Tony does this with such intellect, confidence and wit that it just sounds better!

      At the firm where I work, if we saw any indication of tax evasion we would kick the client to the curb in half a day. Not sure how one would actually do this now with FATCA (or the international equivalent)?

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    • Michel Lemay says:

      Tony as always been there for the betterment of the Business/ Investment/ Strong advocate all over the world for the Cayman Islands since I had the pleasure to meet him , many tides ago.He does not get intimated by anyone. At lest he stands up for us. Many others that like to critisize him often don't do much themselves.

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    • Anonymous says:

      To be honest, I'd rather it was Anthony at least he knows what he is talking about. Every time a government spokesman opens their mouth it seems like a drastic case of damage limitation ensues. I mean just look at the contributions made on the Perretti film that is the subject of this debate by the governor and government spokesperson - pretty embarrassing and really not helpful at all - just showed how little real knowledge they had of the financial industry and the offshore sector generally.

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    • pproved? says:

      The financial sector should be expected to do its own defence and PR work. It is not the governments job to shill for them.

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  5. Anonymous says:

    We all owe Anthony Travers a debt of thanks. Finally, someone is stepping up and correcting the misconception that the Cayman Islands "hides" onshore wealth from the tax man and launders drug money. Historically, not enough effort has been made to present the facts to the world; the fact that the legitimate offshore industry, particularly the Cayman Islands, is a legal and integral component of the global financial industry. The government has made little effort to clean up Cayman's global image abroad. I think its high time that the Cayman Government took legal action against any publication or media outlet that portrays the Cayman Islands as some sort of illegal tax dodgers paradise. The reputational risk of letting that type of faux "journalism" continue is too high for the continued economic well-being of this country to bear.

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    • pproved? says:

      I say go for it. Nothing but good could come from putting those journalists on trial!

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  6. Anonymous says:

    The only problem with using Travers to front up the case for the Cayman Islands (or BVI where his law firm also has interests) is that he doesn't seem to realise that simply attacking your critics is counter-productive.

    Remember how Nick Shaxton turned the tables on him in 2011? In a few days Travers' comments did more harm than Shaxton's book had ever done because they were so easy to summarise and convincingly (if inaccurately) rebuff.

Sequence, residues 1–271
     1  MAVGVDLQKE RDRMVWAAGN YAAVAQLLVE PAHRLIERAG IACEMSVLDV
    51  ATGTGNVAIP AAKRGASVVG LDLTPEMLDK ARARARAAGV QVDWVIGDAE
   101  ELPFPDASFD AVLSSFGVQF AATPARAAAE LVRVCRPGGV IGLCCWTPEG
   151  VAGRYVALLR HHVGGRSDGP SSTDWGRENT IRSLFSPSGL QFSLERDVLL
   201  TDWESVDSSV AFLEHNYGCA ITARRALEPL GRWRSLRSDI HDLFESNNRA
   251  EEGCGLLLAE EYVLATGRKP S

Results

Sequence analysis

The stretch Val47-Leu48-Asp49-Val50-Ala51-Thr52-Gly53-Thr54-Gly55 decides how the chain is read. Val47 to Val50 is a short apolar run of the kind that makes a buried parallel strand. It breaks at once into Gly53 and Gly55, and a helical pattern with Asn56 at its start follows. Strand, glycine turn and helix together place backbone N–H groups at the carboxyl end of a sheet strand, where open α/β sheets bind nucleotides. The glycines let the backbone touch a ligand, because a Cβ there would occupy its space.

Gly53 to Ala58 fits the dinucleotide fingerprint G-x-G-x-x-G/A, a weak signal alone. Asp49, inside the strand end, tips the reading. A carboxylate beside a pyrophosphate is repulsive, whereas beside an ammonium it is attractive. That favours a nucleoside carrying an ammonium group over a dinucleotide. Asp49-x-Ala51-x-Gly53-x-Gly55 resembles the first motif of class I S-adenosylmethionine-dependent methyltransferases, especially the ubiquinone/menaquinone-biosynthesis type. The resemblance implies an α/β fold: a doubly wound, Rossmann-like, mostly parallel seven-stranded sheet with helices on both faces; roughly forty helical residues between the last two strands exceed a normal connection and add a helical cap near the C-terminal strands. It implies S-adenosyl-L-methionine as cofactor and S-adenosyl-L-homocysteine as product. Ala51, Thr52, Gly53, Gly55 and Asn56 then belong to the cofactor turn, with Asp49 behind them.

Most of what Travers says is probably true (although I have my doubts about some of the claims made on the BBC last year) but the instant he resorts to calling critics imbeciles and delusional it all falls on deaf ears.

    He also seems to be conveniently side-stepping cases where there is genuine tax avoidance and tax fraud taking place. You can describe it as exploiting loopholes or taking advantage of the tax laws if you want but in certain countries (China for one) the rules are clearly being bent pretty hard and the authorities are fighting back. That might be bad for business here but in the end it's simply their laws being enforced.

    Remember when HMRC used the EUSD to force UK banks to release information about money they had helped customers stash away over here in 'tax free' investments that were actually liable for tax in the UK? Don't remember much coming from the good Mr Travers over that little scam and it involved some pretty heavy hitters in the UK banking business.

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    • Anonymous says:

      But what you dont realize is that almost every service provider (law firm, accounting firm, administrator and director) in Cayman will drop a client if there is any sniff of tax evasion. With FATCA, UK FATCA and the upcoming Common Reporting Standard, this should be impossible even if one tried.

      Some of the alarmists at places like the Tax Justice Network (the equivalent of climate change deniers) should realize that accounting firms here have large tax COMPLIANCE teams. I know my friends at Deloitte have a 15+ person US tax compliance group, that prepare returns filed with the IRS.

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  7. Jack Irvine says:

    The reason Mr Peretti's contribution (such as it was) is edited out is that he took cold feet and demanded the organisers did not put the entire video onto the web. In other words, he can dish it out but he can't take it.

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    • What evidence, if any, do you have to support this claim?

      FYI, the organizers do not need his permission to publish the video. If they commissioned and paid for the recording, they own the publication rights.

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  8. pproved? says:

    Yep, it's all legal.